The FreeBSD repository is currently mirrored at over 160 different locations around the world, to provide local, read-only copies of the repository in a more network friendly fashion, and to relieve the load on the master repository.
Subversion supports two mechanisms for mirroring the complete repository.
The first is to use the (new in Subversion 1.4) svnsync(1) tool. This tool requires public read-only access to the repository to mirror (which, for any of the public mirrors is likely to be already in place -- thus, there is no requirement for a downstream mirror to communicate to an upstream mirror that it would like to start mirroring).
The target of this syncing (i.e., the mirror) can then itself be mirrored in to another repository. This allows us to set up a chain of mirrors.
XXX - At the time of writing it is not known how svnsync(1) interacts with VCSFeatureObliterate. More testing needs to be carried out.
An alternative approach is to use rsync. This approach only works with Subversion repositories that use the FS (as opposed to the BerkeleyDB) backend. If that constraint holds then the "svnadmin hotcopy" command can be run on the master repo to make a consistent snapshot of the repository. This snapshot can then be rsynced to the mirrors.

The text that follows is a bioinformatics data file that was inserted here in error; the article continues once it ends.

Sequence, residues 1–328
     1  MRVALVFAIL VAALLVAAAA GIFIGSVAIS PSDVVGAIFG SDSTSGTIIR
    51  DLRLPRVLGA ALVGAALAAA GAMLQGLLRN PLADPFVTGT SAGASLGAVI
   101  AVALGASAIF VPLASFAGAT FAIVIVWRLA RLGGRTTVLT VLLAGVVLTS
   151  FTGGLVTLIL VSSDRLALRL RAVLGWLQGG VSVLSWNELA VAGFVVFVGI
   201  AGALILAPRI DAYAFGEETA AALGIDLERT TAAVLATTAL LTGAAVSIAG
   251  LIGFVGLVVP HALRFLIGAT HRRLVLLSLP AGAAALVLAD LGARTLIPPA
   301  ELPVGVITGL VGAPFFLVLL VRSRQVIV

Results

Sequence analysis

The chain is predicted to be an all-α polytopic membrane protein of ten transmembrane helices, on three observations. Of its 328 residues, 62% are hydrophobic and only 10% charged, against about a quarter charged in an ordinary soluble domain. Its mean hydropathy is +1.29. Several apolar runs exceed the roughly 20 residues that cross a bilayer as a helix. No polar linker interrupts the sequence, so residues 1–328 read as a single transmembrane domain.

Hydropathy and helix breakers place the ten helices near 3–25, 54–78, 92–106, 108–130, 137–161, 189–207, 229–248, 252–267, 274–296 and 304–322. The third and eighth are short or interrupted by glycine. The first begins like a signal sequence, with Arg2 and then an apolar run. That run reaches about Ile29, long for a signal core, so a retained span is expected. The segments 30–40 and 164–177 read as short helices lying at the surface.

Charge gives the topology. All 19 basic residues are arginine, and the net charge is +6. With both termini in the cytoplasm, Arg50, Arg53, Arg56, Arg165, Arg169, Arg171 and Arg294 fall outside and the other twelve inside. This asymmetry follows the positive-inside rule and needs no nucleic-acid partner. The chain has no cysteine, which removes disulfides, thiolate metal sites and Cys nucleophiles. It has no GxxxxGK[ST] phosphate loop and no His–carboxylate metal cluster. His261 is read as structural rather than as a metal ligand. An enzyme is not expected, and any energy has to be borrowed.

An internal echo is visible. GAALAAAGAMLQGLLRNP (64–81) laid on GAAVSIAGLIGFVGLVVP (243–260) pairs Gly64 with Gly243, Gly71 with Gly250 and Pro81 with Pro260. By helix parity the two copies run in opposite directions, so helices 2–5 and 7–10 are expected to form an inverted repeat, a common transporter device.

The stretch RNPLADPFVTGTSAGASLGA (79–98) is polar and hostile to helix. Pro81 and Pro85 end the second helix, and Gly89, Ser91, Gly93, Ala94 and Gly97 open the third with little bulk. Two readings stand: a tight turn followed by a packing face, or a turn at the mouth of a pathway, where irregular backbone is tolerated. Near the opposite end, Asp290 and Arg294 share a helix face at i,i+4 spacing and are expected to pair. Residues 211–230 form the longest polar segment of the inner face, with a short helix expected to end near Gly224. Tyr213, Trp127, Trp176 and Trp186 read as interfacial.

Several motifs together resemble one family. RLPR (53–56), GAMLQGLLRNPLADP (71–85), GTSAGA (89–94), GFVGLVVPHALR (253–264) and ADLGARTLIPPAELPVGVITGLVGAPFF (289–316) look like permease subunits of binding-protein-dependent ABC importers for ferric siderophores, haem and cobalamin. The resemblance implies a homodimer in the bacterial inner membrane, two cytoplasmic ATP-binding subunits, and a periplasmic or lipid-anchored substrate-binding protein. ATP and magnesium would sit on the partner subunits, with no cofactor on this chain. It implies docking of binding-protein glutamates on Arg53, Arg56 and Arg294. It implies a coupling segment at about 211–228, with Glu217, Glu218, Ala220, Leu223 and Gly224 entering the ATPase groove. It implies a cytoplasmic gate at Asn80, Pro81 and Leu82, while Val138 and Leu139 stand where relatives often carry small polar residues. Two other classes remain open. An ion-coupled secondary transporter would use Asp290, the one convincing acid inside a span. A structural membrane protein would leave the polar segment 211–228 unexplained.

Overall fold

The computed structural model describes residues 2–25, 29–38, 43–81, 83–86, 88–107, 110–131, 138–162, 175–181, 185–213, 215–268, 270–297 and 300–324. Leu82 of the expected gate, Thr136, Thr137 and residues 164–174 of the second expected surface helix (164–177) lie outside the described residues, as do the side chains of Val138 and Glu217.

As with svnsync, a mirror that is kept up to date in this way can also be used as the source for another mirror.
Both approaches supports pull mirroring (the remote mirror initiates the update according to its own schedule), and push mirroring (the master initiates mirroring to all the mirrors it knows about). This would, for example, allow the master repo to push changes to all the top-tier mirrors after every single commit.
Replication is at the heart of all distributed VCS. It is as natural as creating a new branch and uses the same mechanism. Re-creating the current mirroring scheme is very simple, just allow remote machines to clone the reference repositories and offer read-only http-based access.
It is more efficient than rsync as it doesn't need to scan all files for modifications, it will simply get only the new changesets.
A clone of a repository is the complete history which can easily be redeployed as a mirror. Access is usually done via git-daemon but it's also possible to deploy git over ssh and http.
Supported (also see monotone:FeatureMirroring)
This feature is fundamental to Monotone, as a distributed VCS. There is essentially no other way of working, because every developer works with their own repository replica.
Every host is an equal peer, every user can use mtn serve in order to serve its local changes to other users via thenetsync protocol (which permits to have multiple clients connected at the same time). Databases can also be sync'ed via file: (locally) and ssh: protocols, though this locks the database and permits only one peer at a time.
It is possible (and quite usual) to have a monotone:MasterRepository accessible to every developer.